Gap-filling, puzzle-solving and replication in empirical research

A common justification of empirical research is that a gap in the literature needs to be filled. I have seen this reasoning in all kinds of papers and presentations by Master students, PhD researchers, Postdocs and professors (probably the less, the more advanced the academic career is). It is not wrong to justify a study with gap-filling, but it is also does not seem to be the most exciting argument because the natural question is: Is the gap worth filling? In my limited experience, parts of the audience, at least those who ask this question, tend to be skeptical that the question can be answered affirmatively.

A common response to gap-filling justifications is to focus on a different question and to solve a puzzle. Puzzle-solving has always been a popular research strategy (such as here), but my feeling is that it has grown more popular over the last years (Day and Koivu give an excellent teaching-focused intro). Identiying and explaining a puzzle certainly has merit and I do not aim to argue against it here. However, I think there is a downside to the overemphasis of puzzle-solving and to discouring researchers from filling gaps (to be reframed in a second as something else).

The issue with puzzle-solving is that one has to build on existing theoretical arguments that (supposedly) work in general, but not for all cases that then constitute the puzzle. Theoretically, we learn something new from puzzle-solving, which is certainly positive. However, this also means that puzzle-solving puts a premium on theoretical originality and tries to push a theory and its hypotheses forward by improving then and explaining the anomalies.

Puzzle-solving is fine as one element in the researcher’s toolbox if it does not crowd out alternative research goals and strategies. One alternative, which is still centered on the idea of theoretical originality, is generic exploratory research of new empirical phenomena such as the decarbonization of energy production.

A second alternative is gap-filling reframed as replication. Gap-filling studies are not all the same, but in my experience they are commonly justified with the argument that a selected hypothesis hasn’t been tested yet for a specific country, or region, or institution, or policy field, or period of time or what other dimension with variation across cases one can think of. I do not remember a study that framed gap-filling as a replication attempt, but the two are equivalent if gap-filling means taking an existing argument and testing it in a different empirical setting and with different data than the original study.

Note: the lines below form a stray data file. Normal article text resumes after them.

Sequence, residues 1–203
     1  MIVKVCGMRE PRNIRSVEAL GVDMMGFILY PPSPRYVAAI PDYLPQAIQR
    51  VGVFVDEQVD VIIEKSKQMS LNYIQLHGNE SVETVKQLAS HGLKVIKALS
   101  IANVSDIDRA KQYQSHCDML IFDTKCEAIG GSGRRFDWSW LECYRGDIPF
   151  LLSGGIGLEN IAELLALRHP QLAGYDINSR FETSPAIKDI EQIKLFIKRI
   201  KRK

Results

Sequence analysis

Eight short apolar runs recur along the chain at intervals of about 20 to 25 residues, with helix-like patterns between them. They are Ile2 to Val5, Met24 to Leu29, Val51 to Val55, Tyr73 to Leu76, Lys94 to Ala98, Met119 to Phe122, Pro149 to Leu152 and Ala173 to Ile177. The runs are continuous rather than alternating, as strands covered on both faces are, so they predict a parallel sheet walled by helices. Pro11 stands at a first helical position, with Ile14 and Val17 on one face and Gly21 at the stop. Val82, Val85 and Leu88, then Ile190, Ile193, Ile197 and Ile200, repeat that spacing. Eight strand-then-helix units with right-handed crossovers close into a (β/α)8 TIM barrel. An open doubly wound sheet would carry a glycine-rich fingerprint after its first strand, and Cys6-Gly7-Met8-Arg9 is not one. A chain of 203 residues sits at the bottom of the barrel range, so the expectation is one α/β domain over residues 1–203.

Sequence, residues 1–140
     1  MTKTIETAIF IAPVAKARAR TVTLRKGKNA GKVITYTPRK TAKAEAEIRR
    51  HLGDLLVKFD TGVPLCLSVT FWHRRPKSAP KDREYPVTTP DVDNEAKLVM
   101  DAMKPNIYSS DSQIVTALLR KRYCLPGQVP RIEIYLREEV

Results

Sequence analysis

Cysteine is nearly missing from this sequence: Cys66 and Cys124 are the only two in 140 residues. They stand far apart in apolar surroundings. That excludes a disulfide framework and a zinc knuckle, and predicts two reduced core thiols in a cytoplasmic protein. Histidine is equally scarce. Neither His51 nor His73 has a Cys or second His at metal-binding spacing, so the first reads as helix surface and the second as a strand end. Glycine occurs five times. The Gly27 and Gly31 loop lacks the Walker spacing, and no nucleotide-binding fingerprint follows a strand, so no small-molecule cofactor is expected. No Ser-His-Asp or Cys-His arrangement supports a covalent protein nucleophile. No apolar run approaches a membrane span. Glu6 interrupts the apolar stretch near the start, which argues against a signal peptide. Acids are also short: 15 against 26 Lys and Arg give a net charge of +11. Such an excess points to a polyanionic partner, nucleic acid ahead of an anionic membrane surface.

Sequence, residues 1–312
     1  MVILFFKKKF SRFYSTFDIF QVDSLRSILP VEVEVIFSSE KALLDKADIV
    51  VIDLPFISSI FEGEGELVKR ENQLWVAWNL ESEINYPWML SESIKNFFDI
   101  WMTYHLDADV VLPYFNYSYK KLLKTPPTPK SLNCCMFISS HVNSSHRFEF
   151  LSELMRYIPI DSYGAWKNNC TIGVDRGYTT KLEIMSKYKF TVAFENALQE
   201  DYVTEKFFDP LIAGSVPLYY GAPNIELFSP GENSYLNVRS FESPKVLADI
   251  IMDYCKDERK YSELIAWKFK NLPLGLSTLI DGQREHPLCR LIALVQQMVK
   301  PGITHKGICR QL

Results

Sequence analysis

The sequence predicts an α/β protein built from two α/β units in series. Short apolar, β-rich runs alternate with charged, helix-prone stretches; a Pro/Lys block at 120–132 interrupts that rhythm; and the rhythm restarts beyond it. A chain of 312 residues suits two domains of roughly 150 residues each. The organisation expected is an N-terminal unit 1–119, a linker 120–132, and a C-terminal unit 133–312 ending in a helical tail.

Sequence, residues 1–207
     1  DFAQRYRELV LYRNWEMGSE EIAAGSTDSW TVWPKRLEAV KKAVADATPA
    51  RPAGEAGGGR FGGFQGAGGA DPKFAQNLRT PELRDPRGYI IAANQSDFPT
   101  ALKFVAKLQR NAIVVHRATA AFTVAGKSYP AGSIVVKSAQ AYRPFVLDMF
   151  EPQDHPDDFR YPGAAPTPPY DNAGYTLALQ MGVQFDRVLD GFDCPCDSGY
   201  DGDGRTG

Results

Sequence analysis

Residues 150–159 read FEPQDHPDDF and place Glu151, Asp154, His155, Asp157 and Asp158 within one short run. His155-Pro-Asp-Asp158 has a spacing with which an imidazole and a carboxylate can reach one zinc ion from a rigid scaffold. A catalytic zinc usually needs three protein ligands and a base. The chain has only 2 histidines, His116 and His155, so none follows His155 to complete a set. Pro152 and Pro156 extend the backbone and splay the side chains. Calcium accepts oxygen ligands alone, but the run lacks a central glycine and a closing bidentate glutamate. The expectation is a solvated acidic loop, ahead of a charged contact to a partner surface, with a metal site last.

For example, imagine a study tested a hypothesis of lobby group influence on policy making by using cases of distributive policy making. A gap-filling replication study could test the same hypotheses using cases of redistributive policy-making (assuming the hypothesis is supposed to explain lobby influence on redistributive policy-making). The example indicates that gap-filling is not verification in the narrow sense where one exactly repeats the original study. The gap-filling analysis varies the type of policy compared to the original analysis, which means that gap-filling also has an element of theoretical originality. In comparison with puzzle-solving, it might be less original because one “only” tests an existing argument in a different empirical setting instead of developing the theoretical argument further.

The reframing of gap-filling research as replication helps in clarifying what and how much gap-filling adds to the existing state of research. Regarding the “what”-part, replications are valuable in themselves because no single original study is decisive and needs to be verified. The degree to which a gap-filling study has added value depends on the strength of evidence that has been collected in previous research. The more existing evidence speaks for (or against) a hypothesis, the less value I see in adding one more gap-filling/replication study. The more ambiguous the existing evidence is and the fewer studies have been done on a research question, the more a gap-filling study adds to our knowledge.

Altogether, gap-filling research understood as replication is neither interesting nor uninteresting per se. Some gaps are worth filling, while others are not and can be left as they are. Whether a gap-filling study is of the first type or the second can only be determined by extending the perspective and discussing how much it adds to the existing body of research on the same topic.

About ingorohlfing

I am Professor for Methods of Comparative Political Research at the Cologne Center for Comparative Politics at the University of Cologne (http://cccp.uni-koeln.de). My research interests are social science methods with an emphasis on case studies, multi-method research, and philosophy of science concerned with causation and causal inference. Substantively, I am working on party competition and parties as organizations.
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